Women CEOs 'more likely to be fired'
Date: 29 Apr 2014
New research suggests that female chief executives are more likely to be fired than their male peers. The study, which reviewed the 2,500 largest corporations showed that 10 percent more women CEOs were fired than male - a difference between four in ten women and three in ten men.
The authors suggested two principal causes of the fact. One was that cultural and political pressure to promote female candidates into the top role was leading to a willingness to take greater risks leading to a higher chance of the appointment failing.
The second was the suggestion that women CEOs could be particularly vulnerable if the boardroom culture remains overwhelmingly male, potentially leading to a lower degree of supportiveness.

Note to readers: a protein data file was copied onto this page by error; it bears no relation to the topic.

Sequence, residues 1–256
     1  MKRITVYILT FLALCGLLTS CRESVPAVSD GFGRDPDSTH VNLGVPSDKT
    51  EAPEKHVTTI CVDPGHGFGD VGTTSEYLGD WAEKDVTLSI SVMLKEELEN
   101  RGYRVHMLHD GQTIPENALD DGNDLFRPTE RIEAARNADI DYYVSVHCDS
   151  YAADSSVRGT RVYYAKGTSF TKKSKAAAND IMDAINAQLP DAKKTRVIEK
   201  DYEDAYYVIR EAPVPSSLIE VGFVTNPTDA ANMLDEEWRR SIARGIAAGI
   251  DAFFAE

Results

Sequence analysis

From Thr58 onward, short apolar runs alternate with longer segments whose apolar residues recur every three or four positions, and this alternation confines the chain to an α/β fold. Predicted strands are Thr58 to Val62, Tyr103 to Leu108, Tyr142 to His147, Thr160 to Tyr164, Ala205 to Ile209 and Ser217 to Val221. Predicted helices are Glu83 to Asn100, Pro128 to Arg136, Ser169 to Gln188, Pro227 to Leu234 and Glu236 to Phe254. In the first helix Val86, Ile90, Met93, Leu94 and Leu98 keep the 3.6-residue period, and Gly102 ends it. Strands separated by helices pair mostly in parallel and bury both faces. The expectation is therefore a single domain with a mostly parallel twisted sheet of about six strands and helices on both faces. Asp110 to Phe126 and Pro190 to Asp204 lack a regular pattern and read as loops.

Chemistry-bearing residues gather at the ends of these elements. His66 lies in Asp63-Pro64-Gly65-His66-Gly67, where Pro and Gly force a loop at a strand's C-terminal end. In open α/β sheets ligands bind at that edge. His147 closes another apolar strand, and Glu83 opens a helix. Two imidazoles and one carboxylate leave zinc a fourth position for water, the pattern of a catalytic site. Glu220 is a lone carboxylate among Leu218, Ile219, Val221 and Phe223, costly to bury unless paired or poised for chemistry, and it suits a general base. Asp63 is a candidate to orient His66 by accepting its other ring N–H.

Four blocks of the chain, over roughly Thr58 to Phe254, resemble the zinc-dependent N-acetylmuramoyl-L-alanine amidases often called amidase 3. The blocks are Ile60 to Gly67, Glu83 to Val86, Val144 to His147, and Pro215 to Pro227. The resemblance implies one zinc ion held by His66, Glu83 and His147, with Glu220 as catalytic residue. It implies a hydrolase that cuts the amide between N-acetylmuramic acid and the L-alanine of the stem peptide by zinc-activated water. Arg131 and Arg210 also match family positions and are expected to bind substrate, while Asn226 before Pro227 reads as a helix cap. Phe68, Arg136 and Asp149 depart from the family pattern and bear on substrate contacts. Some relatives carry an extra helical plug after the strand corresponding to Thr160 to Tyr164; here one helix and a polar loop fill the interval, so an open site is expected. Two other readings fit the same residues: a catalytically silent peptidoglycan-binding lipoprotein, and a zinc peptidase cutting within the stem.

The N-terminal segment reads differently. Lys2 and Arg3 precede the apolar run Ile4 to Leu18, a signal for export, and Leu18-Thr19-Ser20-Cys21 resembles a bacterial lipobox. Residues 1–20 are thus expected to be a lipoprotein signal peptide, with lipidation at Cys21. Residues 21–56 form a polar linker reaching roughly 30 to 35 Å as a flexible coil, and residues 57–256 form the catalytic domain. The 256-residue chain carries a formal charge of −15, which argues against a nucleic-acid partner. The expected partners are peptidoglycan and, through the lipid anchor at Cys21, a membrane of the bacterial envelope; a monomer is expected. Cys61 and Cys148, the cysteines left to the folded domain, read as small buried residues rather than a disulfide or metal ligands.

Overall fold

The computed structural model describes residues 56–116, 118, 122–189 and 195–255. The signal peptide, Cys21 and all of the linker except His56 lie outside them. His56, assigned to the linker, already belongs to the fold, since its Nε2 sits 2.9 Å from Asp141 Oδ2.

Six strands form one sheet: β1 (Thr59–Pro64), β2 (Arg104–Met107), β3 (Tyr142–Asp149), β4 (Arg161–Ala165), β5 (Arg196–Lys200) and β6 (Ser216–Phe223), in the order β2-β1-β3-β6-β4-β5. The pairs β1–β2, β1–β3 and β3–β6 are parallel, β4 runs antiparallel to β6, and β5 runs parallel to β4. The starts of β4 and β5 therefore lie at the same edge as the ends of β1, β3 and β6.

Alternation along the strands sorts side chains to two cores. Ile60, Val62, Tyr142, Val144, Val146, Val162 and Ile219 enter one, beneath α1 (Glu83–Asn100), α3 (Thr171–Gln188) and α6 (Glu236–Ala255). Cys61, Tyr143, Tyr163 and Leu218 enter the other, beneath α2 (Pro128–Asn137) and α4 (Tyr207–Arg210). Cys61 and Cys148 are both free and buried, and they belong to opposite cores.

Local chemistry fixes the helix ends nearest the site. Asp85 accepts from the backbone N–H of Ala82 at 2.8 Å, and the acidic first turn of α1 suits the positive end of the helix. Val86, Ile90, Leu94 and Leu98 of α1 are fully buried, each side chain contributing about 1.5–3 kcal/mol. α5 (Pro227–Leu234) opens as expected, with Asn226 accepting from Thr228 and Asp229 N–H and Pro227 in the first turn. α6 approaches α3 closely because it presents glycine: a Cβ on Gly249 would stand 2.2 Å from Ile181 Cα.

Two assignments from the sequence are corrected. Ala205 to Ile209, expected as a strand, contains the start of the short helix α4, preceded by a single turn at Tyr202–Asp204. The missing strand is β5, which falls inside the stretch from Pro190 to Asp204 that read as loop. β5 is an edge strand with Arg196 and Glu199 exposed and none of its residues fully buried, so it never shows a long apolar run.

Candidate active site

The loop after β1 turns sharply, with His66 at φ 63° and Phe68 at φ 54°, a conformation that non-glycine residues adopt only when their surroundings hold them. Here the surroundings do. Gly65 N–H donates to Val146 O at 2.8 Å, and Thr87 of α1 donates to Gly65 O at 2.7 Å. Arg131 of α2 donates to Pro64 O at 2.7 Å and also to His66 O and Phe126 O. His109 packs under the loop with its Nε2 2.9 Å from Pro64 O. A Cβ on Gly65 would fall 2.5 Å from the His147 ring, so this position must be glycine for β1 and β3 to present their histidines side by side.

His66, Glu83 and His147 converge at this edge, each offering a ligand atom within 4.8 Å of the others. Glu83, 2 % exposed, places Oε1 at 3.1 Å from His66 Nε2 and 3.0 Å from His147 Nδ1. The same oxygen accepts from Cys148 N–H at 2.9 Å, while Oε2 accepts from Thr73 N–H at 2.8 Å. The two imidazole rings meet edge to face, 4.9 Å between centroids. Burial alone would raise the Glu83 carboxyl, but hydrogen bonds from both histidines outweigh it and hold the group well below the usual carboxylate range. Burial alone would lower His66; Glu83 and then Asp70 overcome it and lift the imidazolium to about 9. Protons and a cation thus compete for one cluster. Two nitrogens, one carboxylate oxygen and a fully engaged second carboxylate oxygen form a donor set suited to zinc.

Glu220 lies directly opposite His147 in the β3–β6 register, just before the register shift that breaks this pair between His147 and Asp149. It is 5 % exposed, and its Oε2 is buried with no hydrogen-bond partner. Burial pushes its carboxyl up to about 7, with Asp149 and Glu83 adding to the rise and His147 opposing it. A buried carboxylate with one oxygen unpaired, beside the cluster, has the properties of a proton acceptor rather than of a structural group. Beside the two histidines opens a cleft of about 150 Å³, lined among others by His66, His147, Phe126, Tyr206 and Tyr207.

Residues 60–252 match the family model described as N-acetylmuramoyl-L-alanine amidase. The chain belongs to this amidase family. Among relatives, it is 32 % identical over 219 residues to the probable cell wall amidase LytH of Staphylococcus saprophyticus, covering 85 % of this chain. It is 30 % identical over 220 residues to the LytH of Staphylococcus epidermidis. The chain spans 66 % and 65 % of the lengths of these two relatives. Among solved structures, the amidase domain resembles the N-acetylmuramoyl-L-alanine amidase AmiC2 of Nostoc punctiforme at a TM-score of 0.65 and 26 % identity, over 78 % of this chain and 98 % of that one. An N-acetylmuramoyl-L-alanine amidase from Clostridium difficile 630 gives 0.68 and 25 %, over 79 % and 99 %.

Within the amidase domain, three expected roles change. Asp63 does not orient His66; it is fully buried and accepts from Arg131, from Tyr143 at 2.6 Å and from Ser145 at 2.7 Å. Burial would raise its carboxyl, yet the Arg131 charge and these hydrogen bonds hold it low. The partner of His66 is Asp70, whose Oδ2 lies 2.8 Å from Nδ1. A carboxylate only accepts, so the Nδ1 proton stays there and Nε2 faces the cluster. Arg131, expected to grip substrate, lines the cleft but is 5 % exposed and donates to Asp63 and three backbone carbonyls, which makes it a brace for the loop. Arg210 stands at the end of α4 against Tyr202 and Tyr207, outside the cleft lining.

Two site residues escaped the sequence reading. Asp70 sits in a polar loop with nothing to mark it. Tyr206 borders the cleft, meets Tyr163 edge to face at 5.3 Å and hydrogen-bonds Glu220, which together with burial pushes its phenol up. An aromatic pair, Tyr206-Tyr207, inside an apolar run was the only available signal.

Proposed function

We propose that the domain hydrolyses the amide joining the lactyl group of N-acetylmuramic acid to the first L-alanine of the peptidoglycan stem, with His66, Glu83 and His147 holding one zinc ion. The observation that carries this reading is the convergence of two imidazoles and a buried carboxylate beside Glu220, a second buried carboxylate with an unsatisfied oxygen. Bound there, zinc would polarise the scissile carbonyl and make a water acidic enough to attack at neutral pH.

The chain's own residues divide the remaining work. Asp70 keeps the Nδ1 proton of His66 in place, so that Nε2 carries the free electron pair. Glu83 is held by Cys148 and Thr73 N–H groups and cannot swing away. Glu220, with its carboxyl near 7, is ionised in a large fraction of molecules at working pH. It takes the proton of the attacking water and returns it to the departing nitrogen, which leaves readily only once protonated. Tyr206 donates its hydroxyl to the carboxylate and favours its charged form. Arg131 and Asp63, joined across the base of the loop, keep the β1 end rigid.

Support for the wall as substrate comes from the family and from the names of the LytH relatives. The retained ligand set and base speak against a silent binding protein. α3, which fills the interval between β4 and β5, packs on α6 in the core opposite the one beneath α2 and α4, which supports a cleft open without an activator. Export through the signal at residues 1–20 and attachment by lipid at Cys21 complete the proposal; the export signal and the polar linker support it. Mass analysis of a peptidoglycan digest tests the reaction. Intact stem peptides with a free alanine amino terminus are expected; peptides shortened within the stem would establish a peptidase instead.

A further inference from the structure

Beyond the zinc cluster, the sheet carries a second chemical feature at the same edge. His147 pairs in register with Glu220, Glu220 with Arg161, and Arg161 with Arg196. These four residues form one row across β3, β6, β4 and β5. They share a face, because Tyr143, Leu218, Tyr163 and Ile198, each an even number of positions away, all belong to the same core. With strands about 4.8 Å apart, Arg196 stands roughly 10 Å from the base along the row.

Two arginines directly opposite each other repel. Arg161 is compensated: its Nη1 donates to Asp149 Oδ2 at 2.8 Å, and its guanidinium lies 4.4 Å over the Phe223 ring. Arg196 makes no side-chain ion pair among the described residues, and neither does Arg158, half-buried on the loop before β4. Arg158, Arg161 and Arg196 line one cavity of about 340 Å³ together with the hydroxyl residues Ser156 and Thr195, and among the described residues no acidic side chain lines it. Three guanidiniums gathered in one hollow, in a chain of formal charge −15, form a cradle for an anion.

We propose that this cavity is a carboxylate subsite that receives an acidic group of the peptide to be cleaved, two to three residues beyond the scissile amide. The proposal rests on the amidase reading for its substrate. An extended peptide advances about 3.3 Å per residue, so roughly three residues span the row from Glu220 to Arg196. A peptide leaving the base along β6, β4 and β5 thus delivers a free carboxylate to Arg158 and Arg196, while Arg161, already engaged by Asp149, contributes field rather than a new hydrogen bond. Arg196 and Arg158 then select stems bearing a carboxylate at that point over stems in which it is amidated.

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In a recent article, the BBC's economics editor Robert Peston highlighted the fact that in 2012 the chances are that the economy - punch drunk as it is from the various flavours of debt crisis it has been pummelled with over the course of the year - will be hit by the collapse of a major bank and / or government.
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